A ban on texting while driving moved closer to reality this week with SB 52 (Sen. Detert) passing its last committee stop. The Senate bill now heads to the floor; its House companion is on second reading in the House.

The Senate unanimously passed Senator Bradley’s bill (SB 294) to expand the controlled substances register by another 22 new formulas. Its House companion by Representative Ingram (HB 619) is ready for second reading in the House.

Bills in both the House and Senate relating to controlled substance prescription passed through committees. Preemption language was narrowed in SB 1192 (Sen. Grimsley) with both bills providing for continued funding of the Prescription Drug Monitoring Program database.

Read more on public safety bills…

Controlled Substances “Synthetic Drugs”
SB 294 (S. Bradley)/HB 619 (R. Ingram)

  • Summary:  Expands Schedule I of the controlled substances register to include 22 new formulas of synthetic drugs; all 22 formulas were included in the Attorney General’s December 2012 Emergency Order outlawing them.
  • Status:  SB 294 unanimously passed the Senate and is currently in messages.  HB 619 is still on the Special Order calendar and is ready for second reading in the House.

Concealed Weapons and Firearms
SB 374 (S. Braynon)/HB 97 (R. Powell)

  • Summary: Seek to permit local governments to regulate carry of concealed weapons in public buildings or government-sponsored outdoor public venues.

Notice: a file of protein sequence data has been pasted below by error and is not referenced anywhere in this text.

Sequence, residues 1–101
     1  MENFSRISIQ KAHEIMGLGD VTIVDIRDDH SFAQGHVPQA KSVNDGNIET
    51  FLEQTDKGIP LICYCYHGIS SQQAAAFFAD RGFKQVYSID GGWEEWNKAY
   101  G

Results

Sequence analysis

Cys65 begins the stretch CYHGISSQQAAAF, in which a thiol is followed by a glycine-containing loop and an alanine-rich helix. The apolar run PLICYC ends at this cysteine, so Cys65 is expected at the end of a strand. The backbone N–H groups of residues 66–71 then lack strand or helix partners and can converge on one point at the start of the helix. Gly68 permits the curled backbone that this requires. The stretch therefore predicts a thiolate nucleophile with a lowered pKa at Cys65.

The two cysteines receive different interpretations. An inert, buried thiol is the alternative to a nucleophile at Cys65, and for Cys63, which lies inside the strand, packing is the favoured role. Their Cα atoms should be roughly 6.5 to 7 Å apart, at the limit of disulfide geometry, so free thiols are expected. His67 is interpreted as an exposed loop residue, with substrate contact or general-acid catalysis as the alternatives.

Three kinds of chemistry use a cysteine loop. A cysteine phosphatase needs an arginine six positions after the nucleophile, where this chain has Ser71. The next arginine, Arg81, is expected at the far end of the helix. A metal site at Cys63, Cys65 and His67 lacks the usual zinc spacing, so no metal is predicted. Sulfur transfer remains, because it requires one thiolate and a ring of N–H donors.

• Status:  No bill has been heard in committee. Senate bill has been referred to four committees; House has been referred to three committees. 

Pain Management Clinics
SB 1192 (S. Grimsley)/ HB 831 (R. Fasano)

  • Summary:
    • Requires physicians to consult PDMP (Prescription Drug Monitoring Program database) prior to prescribing drugs to new patients
    • Removes restriction on state funding for PDMP
    • Places a moratorium on new county ordinances
    • The House bill directs a workgroup to create a model county ordinance to go into effect in 2014 limited to zoning matters; no county ordinance can be stricter or go beyond model ordinance
    • The Senate bill preempts the regulation of pain clinics and its practitioners, as well as, pharmacies, pharmacists, and health care facilities to the State.
  • Status: Both bills have been referred to three committees.
  • SB 1192 unanimously passed out of Health Policy on 3/20 despite strong opposition from counties over the preemption language. This week, SB 1192 was removed from HHS Appropriations and referred to Community Affairs and can be heard as early as 4/2. 
  • A strike-all on SB 1192 passed Community Affairs in week six. Significantly, the strike-all greatly narrows the preemption language to include only those clinics that are currently exempt from registration under state law where the practitioners hold certain specified certifications or fellowships and who perform interventional pain procedures of the type routinely billed using surgical codes. FAC believed this was a reasonable compromise that would help ensure passage of legislation that mandates physician use of the PDMP when prescribing schedule II and III controlled substances and provides for continued funding of the PDMP while preserving local government authority to regulate pill mills. SB 1192 is now heading to Appropriations, its last committee stop.